Wow, fandabidosi as they say here in Scotland! This is book three in the series and just as fabulous as the first two. Three Pines is the setting and on Good Friday the residents decided to spice up their lives with a seance. When nothing much happens they go a little further and rather than hold it at the Bistro, opt for the derelict haunted house up on the hill. Not everyone is happy about this and when one of their own drops dead from sheer fright, it takes the sense and sensibility of dear Gamashe and his team to sort it and them all out. Oh I loved this one! Gamashe is still burdened with his ongoing "situation" back at the Suretee offices where things are starting to turn sinisterly disaterous for him and his team but, professional as ever, he focuses on what he is there for...to catch a murderer. It's all in here; witchcraft, murder, myths and legends, folklore, herbalisim, Pagans and Christian battling their demons! This author must get so much pleasure from writing this series of novels and you can't help but become entwined in the lives of all the characters she has imagined (and maybe fall, just a little, for the enchanting Armand Gamashe!) I have The Murder Stone to read next so will be looking forward to that. Fantastic, would give this series so many more than 5 stars if I could, highly recommended.
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on 30 January 2009
After a clunky start the novel gathers pace to deliver a stylish and tension-filled story, the twin plot lines eventually merging to open a window into the souls of men and ask questions about the nature of relationships.

Well written, with engrossing characters and a great sense of setting, it delivers enough twists to satisfy without trying to be too clever.

Unlike one or two better known, and more heavily hyped, writers Penny delivers with a sense of freshness and avoids both unpleasantness and cliché.
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on 15 November 2010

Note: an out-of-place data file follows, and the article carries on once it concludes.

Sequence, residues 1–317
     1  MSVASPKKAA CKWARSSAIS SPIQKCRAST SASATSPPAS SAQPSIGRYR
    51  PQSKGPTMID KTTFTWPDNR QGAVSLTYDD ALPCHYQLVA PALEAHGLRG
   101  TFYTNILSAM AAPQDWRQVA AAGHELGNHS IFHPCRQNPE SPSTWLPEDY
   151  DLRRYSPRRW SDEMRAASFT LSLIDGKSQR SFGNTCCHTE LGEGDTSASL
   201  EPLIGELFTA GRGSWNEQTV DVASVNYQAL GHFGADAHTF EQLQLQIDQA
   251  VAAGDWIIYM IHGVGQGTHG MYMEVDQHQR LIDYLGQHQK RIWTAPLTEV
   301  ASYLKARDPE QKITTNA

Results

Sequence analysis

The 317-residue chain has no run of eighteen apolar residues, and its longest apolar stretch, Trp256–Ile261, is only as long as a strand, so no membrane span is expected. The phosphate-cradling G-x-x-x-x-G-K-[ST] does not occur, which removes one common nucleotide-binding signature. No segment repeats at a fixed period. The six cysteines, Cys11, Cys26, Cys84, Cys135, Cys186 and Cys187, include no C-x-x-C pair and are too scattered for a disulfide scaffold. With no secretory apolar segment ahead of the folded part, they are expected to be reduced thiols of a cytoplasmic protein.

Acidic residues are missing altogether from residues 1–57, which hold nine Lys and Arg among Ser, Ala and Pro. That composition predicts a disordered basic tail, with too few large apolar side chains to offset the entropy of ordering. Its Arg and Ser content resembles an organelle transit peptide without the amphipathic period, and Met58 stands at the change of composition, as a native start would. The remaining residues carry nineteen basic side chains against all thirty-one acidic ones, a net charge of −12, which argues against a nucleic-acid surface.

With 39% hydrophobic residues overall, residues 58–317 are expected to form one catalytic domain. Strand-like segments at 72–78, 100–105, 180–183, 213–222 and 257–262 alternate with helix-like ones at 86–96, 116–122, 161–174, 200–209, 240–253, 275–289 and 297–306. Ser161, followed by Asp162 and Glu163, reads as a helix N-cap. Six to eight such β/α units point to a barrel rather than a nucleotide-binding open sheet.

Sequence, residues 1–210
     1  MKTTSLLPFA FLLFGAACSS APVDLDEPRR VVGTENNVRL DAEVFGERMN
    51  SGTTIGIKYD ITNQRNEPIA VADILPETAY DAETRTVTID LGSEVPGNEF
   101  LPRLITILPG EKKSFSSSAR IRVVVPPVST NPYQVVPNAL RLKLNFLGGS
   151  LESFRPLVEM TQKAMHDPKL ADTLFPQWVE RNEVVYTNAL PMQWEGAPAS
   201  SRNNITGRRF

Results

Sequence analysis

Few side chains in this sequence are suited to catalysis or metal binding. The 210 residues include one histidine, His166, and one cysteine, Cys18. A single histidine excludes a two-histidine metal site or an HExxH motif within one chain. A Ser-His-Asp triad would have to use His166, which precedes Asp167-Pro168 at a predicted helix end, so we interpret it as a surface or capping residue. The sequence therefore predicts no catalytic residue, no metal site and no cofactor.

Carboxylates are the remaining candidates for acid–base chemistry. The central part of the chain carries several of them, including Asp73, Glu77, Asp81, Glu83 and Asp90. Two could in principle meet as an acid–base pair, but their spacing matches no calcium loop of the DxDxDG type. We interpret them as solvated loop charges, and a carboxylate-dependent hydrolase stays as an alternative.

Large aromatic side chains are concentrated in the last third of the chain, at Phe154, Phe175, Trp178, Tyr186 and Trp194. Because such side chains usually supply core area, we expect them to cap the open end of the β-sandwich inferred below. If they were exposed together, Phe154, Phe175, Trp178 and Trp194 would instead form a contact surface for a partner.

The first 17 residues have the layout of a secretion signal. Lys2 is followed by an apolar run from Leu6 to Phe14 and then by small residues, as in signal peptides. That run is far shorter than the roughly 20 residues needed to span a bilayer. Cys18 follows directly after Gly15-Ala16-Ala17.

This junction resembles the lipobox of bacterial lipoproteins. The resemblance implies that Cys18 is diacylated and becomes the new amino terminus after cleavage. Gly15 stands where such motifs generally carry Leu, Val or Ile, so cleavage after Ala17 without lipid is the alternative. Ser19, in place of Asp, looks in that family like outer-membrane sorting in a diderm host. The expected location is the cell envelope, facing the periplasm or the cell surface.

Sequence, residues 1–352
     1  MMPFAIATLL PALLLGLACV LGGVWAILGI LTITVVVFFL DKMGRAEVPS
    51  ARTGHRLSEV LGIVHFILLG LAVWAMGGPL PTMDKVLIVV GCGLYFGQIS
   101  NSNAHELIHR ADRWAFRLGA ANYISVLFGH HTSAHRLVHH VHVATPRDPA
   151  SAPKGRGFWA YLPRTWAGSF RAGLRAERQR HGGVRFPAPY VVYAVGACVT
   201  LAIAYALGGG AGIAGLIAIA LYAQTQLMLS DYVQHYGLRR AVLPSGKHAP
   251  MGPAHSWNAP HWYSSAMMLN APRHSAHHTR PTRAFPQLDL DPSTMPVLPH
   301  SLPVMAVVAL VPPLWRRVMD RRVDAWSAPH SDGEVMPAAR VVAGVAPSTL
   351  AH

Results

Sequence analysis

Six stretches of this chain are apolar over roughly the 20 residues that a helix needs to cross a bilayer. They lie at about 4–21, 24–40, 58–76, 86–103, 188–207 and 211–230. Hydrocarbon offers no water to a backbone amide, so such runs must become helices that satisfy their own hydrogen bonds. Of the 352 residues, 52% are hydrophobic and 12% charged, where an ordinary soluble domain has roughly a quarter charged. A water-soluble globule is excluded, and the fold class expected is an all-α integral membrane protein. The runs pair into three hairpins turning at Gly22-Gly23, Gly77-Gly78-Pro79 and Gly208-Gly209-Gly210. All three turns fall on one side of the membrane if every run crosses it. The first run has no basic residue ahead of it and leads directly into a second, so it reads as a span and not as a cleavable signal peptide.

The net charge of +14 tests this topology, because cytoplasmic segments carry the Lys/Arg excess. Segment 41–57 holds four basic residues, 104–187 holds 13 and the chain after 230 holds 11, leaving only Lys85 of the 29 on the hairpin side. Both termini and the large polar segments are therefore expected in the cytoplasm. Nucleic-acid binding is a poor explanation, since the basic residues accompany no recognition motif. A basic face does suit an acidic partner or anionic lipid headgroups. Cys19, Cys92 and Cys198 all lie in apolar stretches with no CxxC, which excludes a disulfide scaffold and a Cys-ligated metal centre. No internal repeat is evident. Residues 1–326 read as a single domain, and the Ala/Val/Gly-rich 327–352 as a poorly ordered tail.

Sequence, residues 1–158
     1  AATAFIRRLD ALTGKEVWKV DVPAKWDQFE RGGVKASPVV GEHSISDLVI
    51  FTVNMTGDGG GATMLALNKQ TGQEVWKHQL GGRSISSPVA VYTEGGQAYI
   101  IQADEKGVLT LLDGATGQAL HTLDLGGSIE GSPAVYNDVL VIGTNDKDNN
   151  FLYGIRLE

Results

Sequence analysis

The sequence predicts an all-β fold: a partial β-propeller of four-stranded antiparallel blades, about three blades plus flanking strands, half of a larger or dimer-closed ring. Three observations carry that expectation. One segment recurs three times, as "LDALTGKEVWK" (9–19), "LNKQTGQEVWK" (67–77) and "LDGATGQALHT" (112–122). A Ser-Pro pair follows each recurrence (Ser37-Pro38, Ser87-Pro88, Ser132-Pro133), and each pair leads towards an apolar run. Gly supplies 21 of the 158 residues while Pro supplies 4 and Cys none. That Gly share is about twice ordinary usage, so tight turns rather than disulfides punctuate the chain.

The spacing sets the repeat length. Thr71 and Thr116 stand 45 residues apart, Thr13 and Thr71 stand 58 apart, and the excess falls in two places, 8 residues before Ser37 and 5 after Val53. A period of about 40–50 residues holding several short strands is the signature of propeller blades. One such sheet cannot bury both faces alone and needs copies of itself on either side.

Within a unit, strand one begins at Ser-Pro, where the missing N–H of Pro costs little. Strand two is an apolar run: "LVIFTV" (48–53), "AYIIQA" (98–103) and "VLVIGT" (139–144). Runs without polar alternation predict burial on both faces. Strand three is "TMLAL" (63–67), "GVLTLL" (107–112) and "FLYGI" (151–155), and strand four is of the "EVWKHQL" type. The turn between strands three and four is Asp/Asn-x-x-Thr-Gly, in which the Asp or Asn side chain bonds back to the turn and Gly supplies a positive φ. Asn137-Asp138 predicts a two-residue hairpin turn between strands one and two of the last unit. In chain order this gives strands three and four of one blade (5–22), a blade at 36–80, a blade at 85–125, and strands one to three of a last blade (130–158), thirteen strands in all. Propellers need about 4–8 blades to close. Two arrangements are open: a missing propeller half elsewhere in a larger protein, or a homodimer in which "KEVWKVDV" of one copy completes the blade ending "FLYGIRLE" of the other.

My first Louise Penny book, selected by chance, proved a severe pleasure. I was absolutely bowled over by the intelligence and wit of the writing and charaterisation and simply terrified by the storytelling! One of the most absorbing, frightening, wonderfully enjoyable crime novels I have ever read. I found myself shaking with terror as I read. I cannot recommend it too highly. Like others, I have been seduced by the French Canadian setting and the town of Three Pines and its occupants just as much as I have been charmed by Inspector Gamache's quiet integrity. A must for anyone who wants to read a book that is three-dimensional,astute yet immensley satisfying to the lover of crime novels. A triumph ...and it made me hungry for more!
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on 12 June 2015
Three Pines must be one of the most dangerous villages in Canada. Penny's character, Chief Inspector Gamache, is the scholarly, philosophical, intuitive detective whose patience invariably solves the case and reveals the killer. In this book he uncovers how and why a popular villager was "scared to death". He is also having to deal with attacks on his personal integrity, continuing a plot line from earlier books in the series.
Penny's mystery stories are entertaining reads, featuring familiar comforting characters. She succeeds in carrying away the reader to a charming village in rural Quebec with more than its share of murders. This is a pleasurable series of novels for readers who like softer-edged crime stories.
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on 4 January 2015
This is the second time I have read this book, the first being about 3 years ago. I have decided to slowly reread the whole series, hopefully ready to read the next book when it is published. As with the other Gamache books by Louise Penny, I have thoroughly enjoyed this one & found it even better the second time round. Would have given it 5 stars first time, shame can't give more now. I know it seems strange that a small village should get so many murders but this is fiction & I like the fact that most of the characters are so familiar; it is really nice to get to know them better with each book. Though it is possible to read each book as a stand alone it is better to read them in sequence as there is also a back story that is ongoing from book to book. I found this series by buying a book from the middle of the series, enjoyed it, found there was a series but couldn't at that time find any more in bookshops, however found the rest on Kindle. I have no hesitation in recommending this book or the whole series.
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on 8 June 2015
Having read No 8 in the series about Chief Inspector Gamache I decided to go back and find some of the earlier stories in the series. This second hand copy was in very good condition and tho' it took me a couple of chapters to get into this particular story it filled me in on Inspector Gamache's previous history and I ended up enjoying it.